IDEAS home Printed from
   My bibliography  Save this paper

Labour Productivity and Cyclical Dynamics in the Service sector


  • Andrés Maroto


A longstanding basis of empirical economics is that average labour productivity declines during recessions and increases during booms, behaves procyclically. In the short run, output growth and productivity tend to move together in many countries and across a wide range of industries. In ercent years this observation has gained increased prominence, as each proposed explanation for the observed procyclicality has important implications for economic growth. The aim of this paper is to better understand short-run changes in productivity growth within the service sector industries, necessarily different from the ones existing within manufacturing sector. Another goals of this research are to assess if this observed procyclicality remains if service sector is the scope of analysis, and if this fact is homogeneous among different activities within this miscenllaneous sector or not. Empirical evidence for Spanish economy is presented.

Suggested Citation

  • Andrés Maroto, 2008. "Labour Productivity and Cyclical Dynamics in the Service sector," Working Papers 02/08, Instituto Universitario de Análisis Económico y Social.
  • Handle: RePEc:uae:wpaper:0208

    Download full text from publisher

    File URL:
    File Function: First version, 2008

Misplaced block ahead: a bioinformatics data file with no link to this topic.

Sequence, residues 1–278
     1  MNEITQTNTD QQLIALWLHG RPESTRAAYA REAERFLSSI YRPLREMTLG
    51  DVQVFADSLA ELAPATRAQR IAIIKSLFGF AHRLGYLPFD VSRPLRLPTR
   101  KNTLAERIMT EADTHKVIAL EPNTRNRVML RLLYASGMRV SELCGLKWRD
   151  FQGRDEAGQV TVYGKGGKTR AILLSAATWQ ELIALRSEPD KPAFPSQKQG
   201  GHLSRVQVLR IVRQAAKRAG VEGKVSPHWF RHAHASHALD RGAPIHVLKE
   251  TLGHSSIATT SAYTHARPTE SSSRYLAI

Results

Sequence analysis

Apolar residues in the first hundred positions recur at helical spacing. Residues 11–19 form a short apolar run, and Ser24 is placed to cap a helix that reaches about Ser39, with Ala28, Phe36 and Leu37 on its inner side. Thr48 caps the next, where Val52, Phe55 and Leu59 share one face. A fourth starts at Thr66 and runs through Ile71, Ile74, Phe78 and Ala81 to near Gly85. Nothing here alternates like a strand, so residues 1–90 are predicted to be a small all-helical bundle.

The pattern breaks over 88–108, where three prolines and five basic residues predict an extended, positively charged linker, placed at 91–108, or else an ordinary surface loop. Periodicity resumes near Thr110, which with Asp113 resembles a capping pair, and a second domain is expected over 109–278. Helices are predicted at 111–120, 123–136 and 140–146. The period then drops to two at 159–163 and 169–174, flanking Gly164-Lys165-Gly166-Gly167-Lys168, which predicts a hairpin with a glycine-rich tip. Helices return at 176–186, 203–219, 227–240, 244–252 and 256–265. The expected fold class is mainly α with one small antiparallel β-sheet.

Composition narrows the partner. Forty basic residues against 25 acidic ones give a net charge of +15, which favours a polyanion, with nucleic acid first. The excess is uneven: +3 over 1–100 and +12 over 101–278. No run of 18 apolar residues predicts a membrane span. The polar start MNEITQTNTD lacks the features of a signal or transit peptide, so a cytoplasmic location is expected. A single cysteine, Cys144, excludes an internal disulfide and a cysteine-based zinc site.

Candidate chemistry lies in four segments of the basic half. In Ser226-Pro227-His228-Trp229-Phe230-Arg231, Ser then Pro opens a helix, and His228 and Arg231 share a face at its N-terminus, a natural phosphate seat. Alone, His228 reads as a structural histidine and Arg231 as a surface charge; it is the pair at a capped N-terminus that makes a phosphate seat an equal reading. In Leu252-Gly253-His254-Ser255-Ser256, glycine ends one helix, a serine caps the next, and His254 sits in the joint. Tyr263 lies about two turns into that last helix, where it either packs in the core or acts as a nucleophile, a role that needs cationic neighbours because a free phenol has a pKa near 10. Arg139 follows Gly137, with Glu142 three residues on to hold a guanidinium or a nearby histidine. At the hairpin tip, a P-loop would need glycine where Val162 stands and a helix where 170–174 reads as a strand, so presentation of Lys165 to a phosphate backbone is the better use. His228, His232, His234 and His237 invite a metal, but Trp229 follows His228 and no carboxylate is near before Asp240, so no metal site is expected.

Download Restriction: no

    More about this item


    Productivity; cycles; services;


    Access and download statistics


    All material on this site has been provided by the respective publishers and authors. You can help correct errors and omissions. When requesting a correction, please mention this item's handle: RePEc:uae:wpaper:0208. See general information about how to correct material in RePEc.

    For technical questions regarding this item, or to correct its authors, title, abstract, bibliographic or download information, contact: (Laura Suarez). General contact details of provider: .

    If you have authored this item and are not yet registered with RePEc, we encourage you to do it here. This allows to link your profile to this item. It also allows you to accept potential citations to this item that we are uncertain about.

    We have no references for this item. You can help adding them by using this form .

    If you know of missing items citing this one, you can help us creating those links by adding the relevant references in the same way as above, for each refering item. If you are a registered author of this item, you may also want to check the "citations" tab in your RePEc Author Service profile, as there may be some citations waiting for confirmation.

    Please note that corrections may take a couple of weeks to filter through the various RePEc services.

    IDEAS is a RePEc service hosted by the Research Division of the Federal Reserve Bank of St. Louis . RePEc uses bibliographic data supplied by the respective publishers.